Sunday, February 25, 2018

Buzzfeed sadly promoting #FakeScience of Colon Cleansing

I am sorry but why in the ever living $*#(@# is Buzzfeed thinking here.

A 1st year PhD student at UC Davis Will Louie, who rotated in my lab earlier this year, sent this video around to me and the rest of my lab justifiably expressing concern over it.  And he is dead right - this is stunningly bad stuff from Buzzfeed.

The video promotes Colon Hydrotherapy as though it is a wonderful perfect treatment.  For example there is a part where it claims some of the benefits of this include speeding up metabolism, increased energy, improved digestion and more.

Later on they make the claim that it helps people lost weight too.  And no mention anywhere of any risks.  Well, that is a problem because benefits of this have not been shown scientifically and risks are known.  See for example:

Colonic irrigation: therapeutic claims by professional organisations, a review - Ernst - 2010 - International Journal of Clinical Practice - Wiley Online Library

From this paper:

Colonic irrigation is a popular treatment promoted for a wide range of conditions. The aim of this analysis is to evaluate the therapeutic claims made by professional organisations of colonic irrigation. Six such organisations were identified. On their websites, a plethora of therapeutic claims were made. Common themes were detoxification, normalisation of intestinal function, treatment of inflammatory bowel disease and weight loss. None of these claims seemed to be supported by sound evidence. It is concluded that the therapeutic claims of professional organisations of colonic irrigation mislead patients.

And also the Mayo Clinic page "Is colon cleansing a good way to eliminate toxins from your body?". Some quotes from this page are below:

Proponents of colon cleansing believe that toxins from your gastrointestinal tract can cause a variety of health problems, such as arthritis, allergies and asthma. They believe that colon cleansing improves health by removing toxins, boosting your energy and enhancing your immune system. However, there's no evidence that colon cleansing produces these effects.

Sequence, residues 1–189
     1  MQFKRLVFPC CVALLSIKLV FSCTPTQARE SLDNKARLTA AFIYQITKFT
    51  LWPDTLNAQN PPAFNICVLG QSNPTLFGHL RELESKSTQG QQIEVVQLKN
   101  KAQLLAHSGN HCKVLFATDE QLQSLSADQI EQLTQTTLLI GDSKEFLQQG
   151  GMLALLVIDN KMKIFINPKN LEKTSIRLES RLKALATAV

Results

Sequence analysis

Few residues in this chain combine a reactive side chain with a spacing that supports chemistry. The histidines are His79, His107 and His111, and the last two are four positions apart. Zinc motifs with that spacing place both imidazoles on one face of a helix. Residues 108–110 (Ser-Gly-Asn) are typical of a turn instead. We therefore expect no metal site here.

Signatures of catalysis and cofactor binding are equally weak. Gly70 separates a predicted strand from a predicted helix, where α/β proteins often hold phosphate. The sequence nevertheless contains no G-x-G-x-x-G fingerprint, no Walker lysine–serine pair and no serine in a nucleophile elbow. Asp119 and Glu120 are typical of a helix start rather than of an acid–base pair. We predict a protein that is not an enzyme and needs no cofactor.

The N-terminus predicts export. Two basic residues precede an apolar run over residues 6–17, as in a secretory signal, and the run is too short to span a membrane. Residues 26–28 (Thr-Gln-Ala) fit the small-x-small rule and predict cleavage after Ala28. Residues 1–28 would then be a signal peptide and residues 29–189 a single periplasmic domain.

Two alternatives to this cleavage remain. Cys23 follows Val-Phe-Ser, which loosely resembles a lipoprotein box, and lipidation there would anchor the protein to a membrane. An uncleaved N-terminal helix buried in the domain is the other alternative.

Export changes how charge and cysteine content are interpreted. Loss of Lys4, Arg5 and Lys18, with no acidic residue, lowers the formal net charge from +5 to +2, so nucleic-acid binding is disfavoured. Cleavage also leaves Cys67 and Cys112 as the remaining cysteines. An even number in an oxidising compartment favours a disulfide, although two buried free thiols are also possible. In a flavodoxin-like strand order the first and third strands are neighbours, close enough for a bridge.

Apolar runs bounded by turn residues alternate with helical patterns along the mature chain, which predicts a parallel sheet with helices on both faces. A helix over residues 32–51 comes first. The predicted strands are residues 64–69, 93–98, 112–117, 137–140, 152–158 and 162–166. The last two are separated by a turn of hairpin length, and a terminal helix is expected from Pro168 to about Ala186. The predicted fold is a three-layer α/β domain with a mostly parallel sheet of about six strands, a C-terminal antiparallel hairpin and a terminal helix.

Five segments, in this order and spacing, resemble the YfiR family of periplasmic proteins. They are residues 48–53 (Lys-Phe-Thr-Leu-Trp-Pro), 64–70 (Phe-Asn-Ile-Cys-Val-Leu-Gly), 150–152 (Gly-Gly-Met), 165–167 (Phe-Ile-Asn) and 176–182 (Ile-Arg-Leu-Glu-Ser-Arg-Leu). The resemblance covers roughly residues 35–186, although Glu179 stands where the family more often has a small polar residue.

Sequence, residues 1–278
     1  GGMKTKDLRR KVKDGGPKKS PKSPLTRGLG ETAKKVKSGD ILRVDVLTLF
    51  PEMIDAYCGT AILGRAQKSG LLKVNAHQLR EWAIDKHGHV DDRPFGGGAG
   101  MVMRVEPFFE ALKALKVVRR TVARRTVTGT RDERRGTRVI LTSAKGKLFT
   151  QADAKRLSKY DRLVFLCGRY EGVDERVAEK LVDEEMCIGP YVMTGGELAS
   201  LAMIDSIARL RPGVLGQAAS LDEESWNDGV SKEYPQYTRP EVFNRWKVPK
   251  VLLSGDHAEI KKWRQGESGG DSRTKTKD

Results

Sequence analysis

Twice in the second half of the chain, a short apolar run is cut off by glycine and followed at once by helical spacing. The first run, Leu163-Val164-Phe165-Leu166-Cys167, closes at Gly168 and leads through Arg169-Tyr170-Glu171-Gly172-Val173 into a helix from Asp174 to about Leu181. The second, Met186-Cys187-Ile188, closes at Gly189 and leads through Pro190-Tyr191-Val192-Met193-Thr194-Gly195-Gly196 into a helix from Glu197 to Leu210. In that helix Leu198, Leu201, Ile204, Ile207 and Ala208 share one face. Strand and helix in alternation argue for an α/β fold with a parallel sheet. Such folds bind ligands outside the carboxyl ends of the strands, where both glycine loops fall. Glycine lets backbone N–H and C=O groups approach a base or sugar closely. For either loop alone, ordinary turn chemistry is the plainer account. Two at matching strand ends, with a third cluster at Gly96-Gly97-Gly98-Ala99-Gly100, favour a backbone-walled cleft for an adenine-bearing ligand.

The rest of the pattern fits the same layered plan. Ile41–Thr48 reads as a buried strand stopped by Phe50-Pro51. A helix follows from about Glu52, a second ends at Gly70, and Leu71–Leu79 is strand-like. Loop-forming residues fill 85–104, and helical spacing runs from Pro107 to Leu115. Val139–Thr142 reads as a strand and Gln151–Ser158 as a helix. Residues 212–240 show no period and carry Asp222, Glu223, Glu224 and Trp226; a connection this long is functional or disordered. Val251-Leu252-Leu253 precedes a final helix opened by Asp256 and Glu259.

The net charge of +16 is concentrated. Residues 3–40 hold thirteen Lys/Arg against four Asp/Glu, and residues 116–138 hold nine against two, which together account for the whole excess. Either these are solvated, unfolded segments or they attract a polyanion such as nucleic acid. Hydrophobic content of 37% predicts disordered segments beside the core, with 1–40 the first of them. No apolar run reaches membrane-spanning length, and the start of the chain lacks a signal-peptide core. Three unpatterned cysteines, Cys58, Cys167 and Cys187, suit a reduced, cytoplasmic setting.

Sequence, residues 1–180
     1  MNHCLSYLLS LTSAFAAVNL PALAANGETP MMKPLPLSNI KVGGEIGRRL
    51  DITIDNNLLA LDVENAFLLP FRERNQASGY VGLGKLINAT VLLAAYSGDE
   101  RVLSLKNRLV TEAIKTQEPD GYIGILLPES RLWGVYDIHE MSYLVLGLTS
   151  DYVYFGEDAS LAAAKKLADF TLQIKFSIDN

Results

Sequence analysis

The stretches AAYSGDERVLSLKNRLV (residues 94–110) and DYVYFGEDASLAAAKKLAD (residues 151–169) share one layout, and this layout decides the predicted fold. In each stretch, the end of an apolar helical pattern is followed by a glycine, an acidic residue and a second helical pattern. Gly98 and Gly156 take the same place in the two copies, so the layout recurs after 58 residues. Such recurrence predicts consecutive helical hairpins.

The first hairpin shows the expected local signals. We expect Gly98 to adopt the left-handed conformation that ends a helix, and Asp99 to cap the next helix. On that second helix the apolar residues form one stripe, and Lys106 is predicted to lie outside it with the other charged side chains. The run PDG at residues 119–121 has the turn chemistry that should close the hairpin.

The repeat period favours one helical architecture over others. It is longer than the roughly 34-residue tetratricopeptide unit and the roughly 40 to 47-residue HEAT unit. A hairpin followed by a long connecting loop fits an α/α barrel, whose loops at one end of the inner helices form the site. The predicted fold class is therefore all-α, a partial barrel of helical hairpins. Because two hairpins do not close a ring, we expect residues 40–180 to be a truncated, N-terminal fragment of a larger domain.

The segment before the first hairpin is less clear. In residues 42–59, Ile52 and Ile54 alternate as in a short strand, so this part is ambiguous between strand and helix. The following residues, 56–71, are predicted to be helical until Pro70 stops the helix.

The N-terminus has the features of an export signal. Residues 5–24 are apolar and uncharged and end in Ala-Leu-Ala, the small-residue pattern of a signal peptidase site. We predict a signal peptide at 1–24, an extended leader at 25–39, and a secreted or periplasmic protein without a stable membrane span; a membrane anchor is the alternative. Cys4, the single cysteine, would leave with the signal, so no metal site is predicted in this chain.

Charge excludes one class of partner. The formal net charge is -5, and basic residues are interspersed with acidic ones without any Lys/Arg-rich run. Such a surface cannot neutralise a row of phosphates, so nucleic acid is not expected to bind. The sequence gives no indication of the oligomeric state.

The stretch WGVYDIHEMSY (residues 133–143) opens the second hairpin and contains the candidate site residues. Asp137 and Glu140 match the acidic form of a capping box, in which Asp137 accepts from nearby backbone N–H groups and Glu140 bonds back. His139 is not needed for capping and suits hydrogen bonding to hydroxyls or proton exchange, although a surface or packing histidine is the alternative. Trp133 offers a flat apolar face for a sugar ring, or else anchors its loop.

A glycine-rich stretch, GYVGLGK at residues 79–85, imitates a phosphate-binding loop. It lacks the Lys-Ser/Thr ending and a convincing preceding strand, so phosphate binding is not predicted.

And colon cleansing can sometimes be harmful. In fact, coffee enemas sometimes used in colon cleansing have been linked to several deaths. Colon cleansing can also cause less serious side effects, such as cramping, bloating, nausea and vomiting.

Other concerns with colon cleansing are that it can:
  • Increase your risk of dehydration
  • Lead to bowel perforations
  • Increase the risk of infection
  • Cause changes in your electrolytes, which can be dangerous if you have kidney or heart disease or other health problems
I mean, if you want to do colon cleansing that is your business I suppose.  But presenting a misleading video promoting it with fake science and no caveats.  Not cool Buzzfeed.

What is next for Buzzfeed?  Are they going to do a video with Gwyneth Paltrow on the benefits of vaginal eggs? And don't even get me started on the pressure points in your foot for treating your liver part of the video. Truly disgraceful Buzzfeed.

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